Phantom of the Paradise (1974, Brian De Palma)

Phantom of the Paradise has all the trappings of a failed passion project, only not a lot of passion for the project. Director De Palma, with a couple notable exceptions, doesn’t have much interest in directing a musical. When I say couple, I mean two–there are two scenes where he seems to care about directing the musical scenes. One of them is amusing, the other is breathtaking. Unfortunately, the film doesn’t have much else to offer.

Except the soundtrack, I suppose. Paul Williams’s songs are fantastic.

Williams also stars in the film. He’s the “sold his soul to the Devil” music producer. William Finley is the guy who ends up selling his soul to Williams. Jessica Harper is the ingenue. De Palma’s script is an unfortunate mix of Phantom of the Opera, Faust and The Picture of Dorian Gray. Oh, and the Whale Frankenstein. It’s all over the place.

It’s very much a comedy, but very much a desperately unfunny one. Finley gets run through a slapstick wringer and takes actual damage from it. Williams’s character is one note. There’s occasionally some humor from it being Williams, but De Palma and cinematographer Larry Pizer aren’t satisfied just having an absurd script, they want absurd camera lens and movements and so on. At the beginning of the film, it seems like it’s all editor Paul Hirsch’s fault for not putting it together right, but no, there’s just no way to make it fit.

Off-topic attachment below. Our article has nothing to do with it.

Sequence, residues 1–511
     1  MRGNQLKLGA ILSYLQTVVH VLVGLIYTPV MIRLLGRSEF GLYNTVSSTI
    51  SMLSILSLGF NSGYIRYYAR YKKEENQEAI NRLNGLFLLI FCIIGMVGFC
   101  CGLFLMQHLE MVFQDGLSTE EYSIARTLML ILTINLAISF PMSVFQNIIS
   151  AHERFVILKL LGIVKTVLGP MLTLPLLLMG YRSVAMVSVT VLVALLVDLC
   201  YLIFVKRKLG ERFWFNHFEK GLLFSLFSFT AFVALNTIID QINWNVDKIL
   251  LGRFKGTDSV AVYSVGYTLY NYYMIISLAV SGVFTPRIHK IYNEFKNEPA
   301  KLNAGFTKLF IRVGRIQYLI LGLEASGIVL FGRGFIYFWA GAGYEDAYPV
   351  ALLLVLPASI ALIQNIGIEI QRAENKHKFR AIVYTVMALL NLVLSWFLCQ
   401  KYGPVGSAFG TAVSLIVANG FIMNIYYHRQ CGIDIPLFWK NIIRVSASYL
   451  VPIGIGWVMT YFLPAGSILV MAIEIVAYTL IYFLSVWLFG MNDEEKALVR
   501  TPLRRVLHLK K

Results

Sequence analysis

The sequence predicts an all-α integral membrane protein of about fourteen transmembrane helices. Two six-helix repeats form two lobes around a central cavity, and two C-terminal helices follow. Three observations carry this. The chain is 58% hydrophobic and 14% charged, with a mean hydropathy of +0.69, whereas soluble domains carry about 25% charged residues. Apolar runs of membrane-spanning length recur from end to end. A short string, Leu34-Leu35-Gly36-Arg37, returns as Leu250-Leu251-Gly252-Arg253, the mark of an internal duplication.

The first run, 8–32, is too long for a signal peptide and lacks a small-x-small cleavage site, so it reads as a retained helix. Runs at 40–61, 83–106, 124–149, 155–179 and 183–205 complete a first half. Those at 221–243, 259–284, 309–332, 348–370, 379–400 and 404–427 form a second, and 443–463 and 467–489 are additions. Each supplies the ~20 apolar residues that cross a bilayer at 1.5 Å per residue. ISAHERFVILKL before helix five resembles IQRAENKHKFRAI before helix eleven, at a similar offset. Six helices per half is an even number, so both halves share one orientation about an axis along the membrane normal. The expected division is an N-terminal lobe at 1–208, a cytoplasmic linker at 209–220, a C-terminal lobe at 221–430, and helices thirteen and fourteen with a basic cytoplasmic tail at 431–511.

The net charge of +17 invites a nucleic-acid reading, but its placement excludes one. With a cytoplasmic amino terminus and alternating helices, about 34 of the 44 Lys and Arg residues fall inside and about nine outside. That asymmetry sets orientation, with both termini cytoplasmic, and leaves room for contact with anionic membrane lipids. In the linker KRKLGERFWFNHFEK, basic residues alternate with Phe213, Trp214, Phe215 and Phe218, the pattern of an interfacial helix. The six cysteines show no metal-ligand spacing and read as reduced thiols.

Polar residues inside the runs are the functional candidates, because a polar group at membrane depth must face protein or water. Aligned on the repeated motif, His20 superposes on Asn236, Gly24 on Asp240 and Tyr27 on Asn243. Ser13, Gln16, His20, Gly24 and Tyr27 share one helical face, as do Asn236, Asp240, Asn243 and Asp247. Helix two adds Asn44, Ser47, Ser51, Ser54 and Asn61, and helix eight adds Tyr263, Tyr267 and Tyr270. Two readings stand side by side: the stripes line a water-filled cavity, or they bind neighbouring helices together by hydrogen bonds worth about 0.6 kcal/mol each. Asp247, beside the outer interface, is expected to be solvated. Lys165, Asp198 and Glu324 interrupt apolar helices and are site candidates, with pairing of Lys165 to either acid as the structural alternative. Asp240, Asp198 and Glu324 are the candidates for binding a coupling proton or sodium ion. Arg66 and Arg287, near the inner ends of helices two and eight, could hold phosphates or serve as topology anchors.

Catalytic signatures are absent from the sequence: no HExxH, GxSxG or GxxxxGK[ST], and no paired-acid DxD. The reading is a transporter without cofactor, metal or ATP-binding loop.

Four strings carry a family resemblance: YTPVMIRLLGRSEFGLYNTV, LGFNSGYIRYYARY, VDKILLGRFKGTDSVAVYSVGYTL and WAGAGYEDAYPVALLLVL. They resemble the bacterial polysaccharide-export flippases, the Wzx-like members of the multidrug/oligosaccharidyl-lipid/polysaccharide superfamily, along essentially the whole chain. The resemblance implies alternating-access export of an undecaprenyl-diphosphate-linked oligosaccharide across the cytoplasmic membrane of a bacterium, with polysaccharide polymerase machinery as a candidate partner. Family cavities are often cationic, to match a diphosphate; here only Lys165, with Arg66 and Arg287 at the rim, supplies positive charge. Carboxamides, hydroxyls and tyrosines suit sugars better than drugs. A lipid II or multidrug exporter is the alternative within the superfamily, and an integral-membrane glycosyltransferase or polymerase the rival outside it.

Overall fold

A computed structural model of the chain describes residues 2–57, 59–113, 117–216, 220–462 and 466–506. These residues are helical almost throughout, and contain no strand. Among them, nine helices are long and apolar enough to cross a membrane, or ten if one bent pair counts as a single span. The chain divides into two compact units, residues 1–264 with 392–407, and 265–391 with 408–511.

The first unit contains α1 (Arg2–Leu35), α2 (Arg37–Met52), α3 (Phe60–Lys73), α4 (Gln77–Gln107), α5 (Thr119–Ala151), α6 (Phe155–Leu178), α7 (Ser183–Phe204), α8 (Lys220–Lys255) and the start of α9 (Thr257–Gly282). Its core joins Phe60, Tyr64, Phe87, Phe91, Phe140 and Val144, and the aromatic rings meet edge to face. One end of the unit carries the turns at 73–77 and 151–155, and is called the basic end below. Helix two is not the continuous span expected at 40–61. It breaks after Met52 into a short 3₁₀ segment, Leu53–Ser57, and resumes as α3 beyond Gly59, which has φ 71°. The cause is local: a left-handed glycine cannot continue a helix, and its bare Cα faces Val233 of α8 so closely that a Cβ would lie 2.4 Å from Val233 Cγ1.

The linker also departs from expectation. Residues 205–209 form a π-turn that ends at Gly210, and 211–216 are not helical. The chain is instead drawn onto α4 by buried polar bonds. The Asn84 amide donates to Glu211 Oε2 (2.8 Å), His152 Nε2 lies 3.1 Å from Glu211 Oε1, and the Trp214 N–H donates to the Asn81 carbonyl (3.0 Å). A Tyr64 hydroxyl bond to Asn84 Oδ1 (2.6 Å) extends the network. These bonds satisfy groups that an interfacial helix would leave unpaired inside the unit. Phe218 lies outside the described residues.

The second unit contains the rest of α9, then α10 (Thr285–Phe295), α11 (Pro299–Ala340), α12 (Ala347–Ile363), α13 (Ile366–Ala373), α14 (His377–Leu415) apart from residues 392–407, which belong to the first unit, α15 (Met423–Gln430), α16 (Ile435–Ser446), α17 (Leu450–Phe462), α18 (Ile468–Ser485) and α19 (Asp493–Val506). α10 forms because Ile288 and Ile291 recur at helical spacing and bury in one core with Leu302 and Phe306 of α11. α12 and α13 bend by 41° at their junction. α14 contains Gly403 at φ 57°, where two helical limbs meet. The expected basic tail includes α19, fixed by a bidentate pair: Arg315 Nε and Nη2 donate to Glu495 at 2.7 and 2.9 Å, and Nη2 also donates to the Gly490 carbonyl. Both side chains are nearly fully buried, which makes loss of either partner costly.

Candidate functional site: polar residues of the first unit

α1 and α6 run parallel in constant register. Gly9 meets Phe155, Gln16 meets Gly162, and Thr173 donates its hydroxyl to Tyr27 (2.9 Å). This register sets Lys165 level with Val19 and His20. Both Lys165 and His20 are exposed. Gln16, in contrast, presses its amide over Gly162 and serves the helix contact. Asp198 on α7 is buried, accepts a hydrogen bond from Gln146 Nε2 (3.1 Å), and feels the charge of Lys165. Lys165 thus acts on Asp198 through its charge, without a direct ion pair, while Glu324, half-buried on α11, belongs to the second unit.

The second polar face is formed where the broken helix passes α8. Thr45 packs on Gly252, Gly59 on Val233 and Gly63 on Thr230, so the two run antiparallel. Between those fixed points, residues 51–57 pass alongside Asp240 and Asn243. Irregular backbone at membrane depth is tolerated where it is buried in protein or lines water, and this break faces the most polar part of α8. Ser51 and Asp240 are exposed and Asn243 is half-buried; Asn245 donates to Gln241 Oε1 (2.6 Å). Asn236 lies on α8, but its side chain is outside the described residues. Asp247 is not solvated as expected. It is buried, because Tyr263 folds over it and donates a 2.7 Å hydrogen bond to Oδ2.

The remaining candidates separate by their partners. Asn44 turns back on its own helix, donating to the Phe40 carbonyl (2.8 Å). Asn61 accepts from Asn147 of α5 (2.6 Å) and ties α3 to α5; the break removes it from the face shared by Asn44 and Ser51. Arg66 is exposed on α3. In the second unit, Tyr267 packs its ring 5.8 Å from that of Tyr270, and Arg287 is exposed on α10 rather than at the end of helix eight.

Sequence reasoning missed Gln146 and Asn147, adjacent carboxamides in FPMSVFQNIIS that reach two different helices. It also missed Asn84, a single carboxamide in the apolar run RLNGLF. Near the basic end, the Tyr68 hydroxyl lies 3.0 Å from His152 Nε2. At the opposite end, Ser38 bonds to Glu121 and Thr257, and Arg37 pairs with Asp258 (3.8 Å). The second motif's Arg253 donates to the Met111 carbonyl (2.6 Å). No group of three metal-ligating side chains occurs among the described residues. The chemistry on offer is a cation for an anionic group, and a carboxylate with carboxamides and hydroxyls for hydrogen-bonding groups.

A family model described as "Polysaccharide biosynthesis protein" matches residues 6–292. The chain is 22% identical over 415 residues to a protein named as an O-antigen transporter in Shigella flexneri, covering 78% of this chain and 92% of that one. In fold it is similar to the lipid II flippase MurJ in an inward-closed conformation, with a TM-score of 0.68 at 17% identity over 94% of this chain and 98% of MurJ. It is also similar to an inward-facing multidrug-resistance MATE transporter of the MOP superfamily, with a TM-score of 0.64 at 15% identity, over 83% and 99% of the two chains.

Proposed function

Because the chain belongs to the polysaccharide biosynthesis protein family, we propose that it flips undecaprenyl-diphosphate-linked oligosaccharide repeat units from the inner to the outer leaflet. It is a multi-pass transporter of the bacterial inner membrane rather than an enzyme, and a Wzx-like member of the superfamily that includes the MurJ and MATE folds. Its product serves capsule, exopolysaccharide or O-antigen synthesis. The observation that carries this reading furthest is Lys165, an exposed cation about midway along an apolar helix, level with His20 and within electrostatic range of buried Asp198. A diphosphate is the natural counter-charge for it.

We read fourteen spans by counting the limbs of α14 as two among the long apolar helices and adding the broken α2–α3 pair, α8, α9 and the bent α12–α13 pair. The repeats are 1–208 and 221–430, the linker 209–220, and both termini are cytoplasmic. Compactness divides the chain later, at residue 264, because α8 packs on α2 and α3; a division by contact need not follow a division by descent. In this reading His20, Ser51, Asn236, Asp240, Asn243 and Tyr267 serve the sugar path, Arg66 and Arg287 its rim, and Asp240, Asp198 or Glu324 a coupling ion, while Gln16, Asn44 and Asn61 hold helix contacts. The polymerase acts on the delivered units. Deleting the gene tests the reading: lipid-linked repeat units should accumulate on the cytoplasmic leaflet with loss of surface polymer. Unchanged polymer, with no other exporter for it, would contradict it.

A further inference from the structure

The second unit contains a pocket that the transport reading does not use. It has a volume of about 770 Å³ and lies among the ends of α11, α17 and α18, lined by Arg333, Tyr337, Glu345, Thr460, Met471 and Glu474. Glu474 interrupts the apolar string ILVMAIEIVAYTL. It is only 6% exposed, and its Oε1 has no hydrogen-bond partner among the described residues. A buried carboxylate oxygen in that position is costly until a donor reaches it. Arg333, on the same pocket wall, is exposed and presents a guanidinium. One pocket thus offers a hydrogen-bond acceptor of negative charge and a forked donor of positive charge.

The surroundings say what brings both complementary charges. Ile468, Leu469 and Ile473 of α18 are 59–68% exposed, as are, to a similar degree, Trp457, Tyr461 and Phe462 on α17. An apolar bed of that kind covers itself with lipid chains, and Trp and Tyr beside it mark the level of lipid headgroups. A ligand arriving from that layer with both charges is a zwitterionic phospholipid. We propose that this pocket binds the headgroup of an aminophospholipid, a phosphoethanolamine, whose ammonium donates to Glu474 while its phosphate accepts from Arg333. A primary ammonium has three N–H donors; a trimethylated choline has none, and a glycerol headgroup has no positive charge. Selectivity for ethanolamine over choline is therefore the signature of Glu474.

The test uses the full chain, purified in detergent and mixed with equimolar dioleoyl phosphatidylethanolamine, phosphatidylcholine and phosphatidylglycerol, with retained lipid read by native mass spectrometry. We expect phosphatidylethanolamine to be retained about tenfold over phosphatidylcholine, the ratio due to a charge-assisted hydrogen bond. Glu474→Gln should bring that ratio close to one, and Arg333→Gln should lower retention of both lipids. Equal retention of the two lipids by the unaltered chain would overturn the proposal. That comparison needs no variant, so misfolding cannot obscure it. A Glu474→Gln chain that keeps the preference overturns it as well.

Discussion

Harper’s pretty good though. Her singing audition is the one scene De Palma nails. He does a phenomenal job with it. He doesn’t do a phenomenal job once she gets the part and sings for an audience because De Palma directs those scenes poorly.

Also amusing is Gerrit Graham. He at least tries to be funny. The other comedic actors (Finley, George Memmoli as Williams’s sidekick)… well, if they’re trying to be funny, they’re failing. Hopefully they weren’t trying too hard.

At ninety minutes, Phantom overstays its welcome. Once it’s clear De Palma isn’t going to deliver on the musical numbers or the metaphor (and those failures are obvious when Harper ceases to have a character to play, just places to walk in front of the camera), it gets even more tiring.

0/4ⓏⒺⓇⓄ

CREDITS

Written and directed by Brian De Palma; director of photography, Larry Pizer; edited by Paul Hirsch; music by Paul Williams; production designer, Jack Fisk; produced by Edward R. Pressman; released by 20th Century Fox.

Starring William Finley (Winslow Leach), Paul Williams (Swan), Jessica Harper (Phoenix), Gerrit Graham (Beef) and George Memmoli (Arnold Philbin).


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